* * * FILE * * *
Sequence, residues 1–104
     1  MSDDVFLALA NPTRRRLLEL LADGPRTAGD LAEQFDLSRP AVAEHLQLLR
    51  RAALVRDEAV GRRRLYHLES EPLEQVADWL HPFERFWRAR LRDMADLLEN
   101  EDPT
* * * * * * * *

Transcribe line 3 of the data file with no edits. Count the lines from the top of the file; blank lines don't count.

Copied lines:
    51  RAALVRDEAV GRRRLYHLES EPLEQVADWL HPFERFWRAR LRDMADLLEN